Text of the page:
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Box Squat Technique Tips Etc


#1

I have a video here, aside from stance needing to be wider any tips? Critiques? I’m trying to hammer my posterior chain as it is very weak, my trainer says to do higher box squats, I always though lower is better? What do you all think?


#2

Do you have powerlifting related goals?

Right now, that’s more of a squat to a box rather than a box-squat. That’s not necessarily wrong.

The way your doing it can be good for honesty with depth and learning to stay tight in the hole.

The box-squat has the additional benefits of more posterior chain and hip involvement. Also, it’s great for developing power in the hole. It’s easier to recover from since you break up the eccentric and concentric and are at a mechanical disadvantage since you sit back so much.

If squats to a box as you’re doing now are what you want to stick with, then the only suggestion I have is to work on not flaring your toes out so much. This could be you just don’t know better, or ankle mobility, or hip mobility.

You’ll get more stability and it’s a lot easier to ‘spread the floor’ with your toes pointed in some more.


#3

I’m trying to use the box to develop posterior chain strength, i tend to fail when it comes time to pop the hips out, what should I change to turn this into a traditional box squat as opposed to a squat to a box?


#4

Chances are that you lack the P-Chain strength and flexibility in the hips and adductors to box-squat that low.

Start with a box a couple to a few inches above parallel. Parallel is defined as when the hip crease dips below the top of the knee.

Start with this video series, practice what you learn and feel free to submit more vids and ask about anything you think you need help with.


#5

May not be what you are looking for if your focus is on improving squat technique, but I really like doing deadlift (narrow if you pull conventional) stance box squats to work the posterior chain. I picked them up from George Leeman and do them to a box just above parallel mainly as deadlift assistance.


#6

Thanks for the tips, both of you guys.


#7

Add in an SSB and I’d rate it the exercise that taxes your middle back the most - at least for me.


#8

I went back in today to try again, I went much wider and I threw some mats on to go higher, toes still facing out as you can see.


#9

Looks a lot more like a box-squat.

There’s one thing missing. You’re not releasing your hip flexors.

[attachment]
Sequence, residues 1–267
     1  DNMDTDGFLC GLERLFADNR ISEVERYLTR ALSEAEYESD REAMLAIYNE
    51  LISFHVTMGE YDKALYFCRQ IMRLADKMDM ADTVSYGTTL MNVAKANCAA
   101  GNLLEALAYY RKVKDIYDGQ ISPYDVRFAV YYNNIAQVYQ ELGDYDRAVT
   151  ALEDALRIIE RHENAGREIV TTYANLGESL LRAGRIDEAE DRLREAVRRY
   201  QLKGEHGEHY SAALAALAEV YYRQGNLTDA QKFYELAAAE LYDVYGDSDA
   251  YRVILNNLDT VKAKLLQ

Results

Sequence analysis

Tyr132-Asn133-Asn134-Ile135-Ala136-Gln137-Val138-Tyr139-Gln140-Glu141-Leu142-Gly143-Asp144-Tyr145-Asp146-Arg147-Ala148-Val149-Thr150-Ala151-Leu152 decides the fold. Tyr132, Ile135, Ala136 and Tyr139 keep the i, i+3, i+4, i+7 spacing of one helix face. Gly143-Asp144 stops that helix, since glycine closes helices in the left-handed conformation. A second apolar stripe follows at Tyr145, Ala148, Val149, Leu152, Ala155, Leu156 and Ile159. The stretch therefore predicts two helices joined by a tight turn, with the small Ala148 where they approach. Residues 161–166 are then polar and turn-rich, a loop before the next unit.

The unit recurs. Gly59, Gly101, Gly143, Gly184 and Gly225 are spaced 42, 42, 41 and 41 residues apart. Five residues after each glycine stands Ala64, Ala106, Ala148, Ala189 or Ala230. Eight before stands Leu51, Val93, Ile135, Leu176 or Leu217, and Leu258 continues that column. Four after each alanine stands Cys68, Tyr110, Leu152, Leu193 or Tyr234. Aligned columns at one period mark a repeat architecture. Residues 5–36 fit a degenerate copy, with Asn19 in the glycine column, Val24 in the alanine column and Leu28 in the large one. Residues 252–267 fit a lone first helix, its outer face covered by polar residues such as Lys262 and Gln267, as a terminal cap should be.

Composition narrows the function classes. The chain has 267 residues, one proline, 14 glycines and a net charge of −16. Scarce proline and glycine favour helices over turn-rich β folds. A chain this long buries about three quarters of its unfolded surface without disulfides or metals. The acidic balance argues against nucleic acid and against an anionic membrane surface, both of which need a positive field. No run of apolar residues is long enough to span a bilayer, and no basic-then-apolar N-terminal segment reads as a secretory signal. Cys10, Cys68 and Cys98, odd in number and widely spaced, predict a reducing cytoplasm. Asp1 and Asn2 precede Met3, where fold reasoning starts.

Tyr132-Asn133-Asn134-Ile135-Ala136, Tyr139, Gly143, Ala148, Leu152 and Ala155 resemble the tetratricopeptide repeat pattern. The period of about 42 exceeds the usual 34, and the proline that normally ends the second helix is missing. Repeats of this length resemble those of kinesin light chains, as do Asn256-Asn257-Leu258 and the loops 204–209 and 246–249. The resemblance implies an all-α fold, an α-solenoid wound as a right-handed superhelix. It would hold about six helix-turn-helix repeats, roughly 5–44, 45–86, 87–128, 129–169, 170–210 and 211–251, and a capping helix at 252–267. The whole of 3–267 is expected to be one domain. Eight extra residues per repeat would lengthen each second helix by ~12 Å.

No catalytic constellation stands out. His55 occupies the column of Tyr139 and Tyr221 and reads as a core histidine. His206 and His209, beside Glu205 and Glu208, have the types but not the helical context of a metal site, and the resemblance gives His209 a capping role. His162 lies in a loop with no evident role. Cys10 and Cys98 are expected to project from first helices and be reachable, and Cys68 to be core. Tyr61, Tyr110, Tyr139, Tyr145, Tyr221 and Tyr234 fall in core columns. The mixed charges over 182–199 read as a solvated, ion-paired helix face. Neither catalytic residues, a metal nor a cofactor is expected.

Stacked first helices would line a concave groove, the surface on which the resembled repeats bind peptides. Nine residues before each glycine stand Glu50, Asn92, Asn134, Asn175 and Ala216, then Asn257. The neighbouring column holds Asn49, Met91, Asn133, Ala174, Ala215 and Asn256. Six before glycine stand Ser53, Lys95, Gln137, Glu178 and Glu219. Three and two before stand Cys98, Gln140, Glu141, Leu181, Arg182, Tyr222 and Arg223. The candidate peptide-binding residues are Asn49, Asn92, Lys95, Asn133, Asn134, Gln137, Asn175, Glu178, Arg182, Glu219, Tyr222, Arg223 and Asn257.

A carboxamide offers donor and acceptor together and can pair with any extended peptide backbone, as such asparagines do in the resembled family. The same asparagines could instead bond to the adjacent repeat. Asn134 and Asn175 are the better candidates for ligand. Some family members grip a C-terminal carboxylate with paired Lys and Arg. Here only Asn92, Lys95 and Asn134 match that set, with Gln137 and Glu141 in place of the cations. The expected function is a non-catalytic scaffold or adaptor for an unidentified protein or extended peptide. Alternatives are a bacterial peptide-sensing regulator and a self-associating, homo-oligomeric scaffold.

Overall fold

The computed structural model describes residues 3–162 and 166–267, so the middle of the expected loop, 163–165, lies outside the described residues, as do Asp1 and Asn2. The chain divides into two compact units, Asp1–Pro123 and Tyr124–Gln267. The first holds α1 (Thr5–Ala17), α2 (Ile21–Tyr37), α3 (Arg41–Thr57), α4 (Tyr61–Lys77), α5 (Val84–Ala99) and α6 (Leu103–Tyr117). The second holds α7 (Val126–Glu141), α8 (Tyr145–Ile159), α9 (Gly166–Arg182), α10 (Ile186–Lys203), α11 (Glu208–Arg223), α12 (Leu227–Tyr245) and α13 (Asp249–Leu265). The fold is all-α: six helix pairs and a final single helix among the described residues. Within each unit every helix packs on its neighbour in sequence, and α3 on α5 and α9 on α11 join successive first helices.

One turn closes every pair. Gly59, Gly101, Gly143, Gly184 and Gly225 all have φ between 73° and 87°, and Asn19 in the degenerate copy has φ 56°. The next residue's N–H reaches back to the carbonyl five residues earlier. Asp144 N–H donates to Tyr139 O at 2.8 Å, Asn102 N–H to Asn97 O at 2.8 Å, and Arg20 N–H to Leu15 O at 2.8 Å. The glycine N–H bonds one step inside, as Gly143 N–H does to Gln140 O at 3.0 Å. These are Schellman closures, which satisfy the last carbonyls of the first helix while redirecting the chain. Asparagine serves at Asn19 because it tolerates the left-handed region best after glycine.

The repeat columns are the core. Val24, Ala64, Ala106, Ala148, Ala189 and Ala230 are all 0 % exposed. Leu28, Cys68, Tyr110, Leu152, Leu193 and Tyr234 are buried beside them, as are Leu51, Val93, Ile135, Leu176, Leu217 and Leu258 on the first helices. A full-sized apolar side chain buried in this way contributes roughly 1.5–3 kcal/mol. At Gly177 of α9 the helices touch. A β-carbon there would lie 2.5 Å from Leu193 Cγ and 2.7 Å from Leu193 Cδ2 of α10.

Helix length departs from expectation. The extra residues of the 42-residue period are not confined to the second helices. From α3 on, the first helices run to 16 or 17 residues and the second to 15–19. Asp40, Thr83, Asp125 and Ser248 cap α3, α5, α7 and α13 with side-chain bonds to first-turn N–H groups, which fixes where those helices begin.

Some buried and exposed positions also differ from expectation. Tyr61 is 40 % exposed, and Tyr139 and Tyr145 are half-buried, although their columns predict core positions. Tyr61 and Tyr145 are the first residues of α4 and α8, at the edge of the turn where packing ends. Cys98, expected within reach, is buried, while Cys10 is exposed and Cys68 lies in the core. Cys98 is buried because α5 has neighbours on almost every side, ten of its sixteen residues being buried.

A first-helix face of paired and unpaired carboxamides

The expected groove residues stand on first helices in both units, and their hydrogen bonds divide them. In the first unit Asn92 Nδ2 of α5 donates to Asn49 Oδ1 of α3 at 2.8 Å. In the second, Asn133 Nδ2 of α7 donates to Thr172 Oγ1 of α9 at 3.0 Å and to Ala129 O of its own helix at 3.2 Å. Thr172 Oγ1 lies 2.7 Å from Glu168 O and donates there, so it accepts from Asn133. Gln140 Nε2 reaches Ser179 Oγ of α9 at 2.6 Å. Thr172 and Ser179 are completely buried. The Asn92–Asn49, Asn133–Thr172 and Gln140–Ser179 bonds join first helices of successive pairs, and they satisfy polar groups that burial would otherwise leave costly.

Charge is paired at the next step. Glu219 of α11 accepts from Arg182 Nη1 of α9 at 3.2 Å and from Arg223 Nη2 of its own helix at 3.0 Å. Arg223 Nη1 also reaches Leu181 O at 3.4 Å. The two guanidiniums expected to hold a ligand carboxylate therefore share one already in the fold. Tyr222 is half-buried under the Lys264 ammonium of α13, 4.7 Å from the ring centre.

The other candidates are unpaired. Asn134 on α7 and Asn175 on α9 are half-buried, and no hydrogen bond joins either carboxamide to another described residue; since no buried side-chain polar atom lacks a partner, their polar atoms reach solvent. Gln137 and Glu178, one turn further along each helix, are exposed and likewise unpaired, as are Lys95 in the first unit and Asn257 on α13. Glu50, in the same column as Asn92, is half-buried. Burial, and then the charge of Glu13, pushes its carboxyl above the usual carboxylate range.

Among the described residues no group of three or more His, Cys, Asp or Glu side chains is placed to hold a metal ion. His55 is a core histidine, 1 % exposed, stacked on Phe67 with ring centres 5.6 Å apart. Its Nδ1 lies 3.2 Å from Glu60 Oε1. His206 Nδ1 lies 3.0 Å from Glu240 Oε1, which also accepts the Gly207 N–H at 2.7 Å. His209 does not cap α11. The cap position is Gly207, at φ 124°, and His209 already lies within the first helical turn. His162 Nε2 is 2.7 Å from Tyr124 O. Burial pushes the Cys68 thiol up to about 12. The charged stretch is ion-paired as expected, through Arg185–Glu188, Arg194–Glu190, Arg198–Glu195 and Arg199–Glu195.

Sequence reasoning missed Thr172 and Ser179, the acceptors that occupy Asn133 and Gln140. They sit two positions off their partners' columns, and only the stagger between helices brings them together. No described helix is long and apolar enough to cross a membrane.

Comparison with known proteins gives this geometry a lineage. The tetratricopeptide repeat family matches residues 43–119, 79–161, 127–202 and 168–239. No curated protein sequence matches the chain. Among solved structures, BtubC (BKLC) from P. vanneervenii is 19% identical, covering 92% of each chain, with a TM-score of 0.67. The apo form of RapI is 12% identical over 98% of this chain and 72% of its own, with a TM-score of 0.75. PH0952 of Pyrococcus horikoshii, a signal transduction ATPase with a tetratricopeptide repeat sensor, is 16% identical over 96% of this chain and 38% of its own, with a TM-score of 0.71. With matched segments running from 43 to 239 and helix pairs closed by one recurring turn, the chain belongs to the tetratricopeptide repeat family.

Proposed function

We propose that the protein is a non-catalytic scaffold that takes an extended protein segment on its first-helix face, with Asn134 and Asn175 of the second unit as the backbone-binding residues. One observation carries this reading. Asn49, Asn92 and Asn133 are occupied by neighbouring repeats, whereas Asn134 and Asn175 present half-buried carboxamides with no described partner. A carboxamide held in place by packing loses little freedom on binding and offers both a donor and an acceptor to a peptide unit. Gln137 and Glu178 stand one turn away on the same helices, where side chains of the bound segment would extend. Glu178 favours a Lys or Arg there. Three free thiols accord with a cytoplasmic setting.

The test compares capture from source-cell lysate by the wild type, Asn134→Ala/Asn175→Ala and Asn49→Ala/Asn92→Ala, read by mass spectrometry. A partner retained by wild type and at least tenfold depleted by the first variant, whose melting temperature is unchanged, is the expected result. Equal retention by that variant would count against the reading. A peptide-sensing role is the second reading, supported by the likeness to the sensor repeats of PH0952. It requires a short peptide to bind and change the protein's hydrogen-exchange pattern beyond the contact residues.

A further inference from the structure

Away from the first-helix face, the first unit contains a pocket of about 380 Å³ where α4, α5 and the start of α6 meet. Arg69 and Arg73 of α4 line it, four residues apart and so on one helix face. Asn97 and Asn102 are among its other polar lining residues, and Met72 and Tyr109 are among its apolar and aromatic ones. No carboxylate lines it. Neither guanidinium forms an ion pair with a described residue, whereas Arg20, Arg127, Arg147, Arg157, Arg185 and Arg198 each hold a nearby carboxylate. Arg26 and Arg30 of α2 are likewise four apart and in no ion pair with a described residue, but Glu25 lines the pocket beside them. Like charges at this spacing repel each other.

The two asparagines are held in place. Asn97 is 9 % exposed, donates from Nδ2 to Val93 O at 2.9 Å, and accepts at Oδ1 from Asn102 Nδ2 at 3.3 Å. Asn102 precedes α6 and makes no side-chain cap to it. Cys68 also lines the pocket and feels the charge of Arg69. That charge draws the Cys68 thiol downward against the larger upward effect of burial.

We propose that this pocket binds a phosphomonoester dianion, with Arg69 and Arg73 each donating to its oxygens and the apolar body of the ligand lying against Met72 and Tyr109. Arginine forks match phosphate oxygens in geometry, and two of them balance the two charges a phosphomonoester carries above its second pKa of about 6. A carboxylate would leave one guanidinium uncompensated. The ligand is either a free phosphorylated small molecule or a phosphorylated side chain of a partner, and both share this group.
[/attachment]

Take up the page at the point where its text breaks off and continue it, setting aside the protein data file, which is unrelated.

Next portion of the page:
Try this to under stand the concept.

Just at home or wherever, sit back like you would a normal box squat onto a chair or something. Once all your weight is on the chair, lift your knees up. You’ll slightly rock back. Re-engage the hip flexors (pull your torso so your center of gravity is over mid-foot) and do something that feels akin to a leg curl to pop back up.

When you ‘rock back’, don’t actively rock back and then rock forward. It’s basically cheating and can lead to injury when done with a lot of weight.

I think your toes still flare way out because of inflexibility and lack of p-chain strength.

You might need to go even higher with the box squat and use less weight to be able to move your toes in.

I also see this odd thing at lockout. You want your concentric to be a seamless single movement. And make sure your torso is anchored to your pelvis the entire movement. It looks like your hips move forward at lockout, but your torso doesn’t go with your hips at the same time. This is leading you to tuck your hips and can cause back problems.


#10

I’ll try that, thanks again


#11

You need to tighten up A LOT. Way too loose with the bar on your back.

Stop pushing back so far with your butt. You need to sit back and down. Your descent is way too exaggerated. I can’t believe your lower back isn’t killing you.

Stop jutting your hips forward. Let it be more of a natural movement.

When it comes to releasing your hip flexors on the box, just don’t rock back and forth like Fletch said. You kind of “unhinge” them for a sec and then pop back up.

Definitely raise the box up some more. Your low back is dog-tracking inward towards your front rather than staying rigid.

You’re not finishing the lift with your legs as you get to the top. It’s like you’re ducking under the bar before it gets to the top. Do you have any balance issues?

I’d recommend watching a lot of vids of lifters notorious for using box squats in their regular training. You don’t need to emulate them exactly, but compare your vids to theirs and see how tight and together they are. Use lighter weight to get proper technique so you do it right first. Then add weight.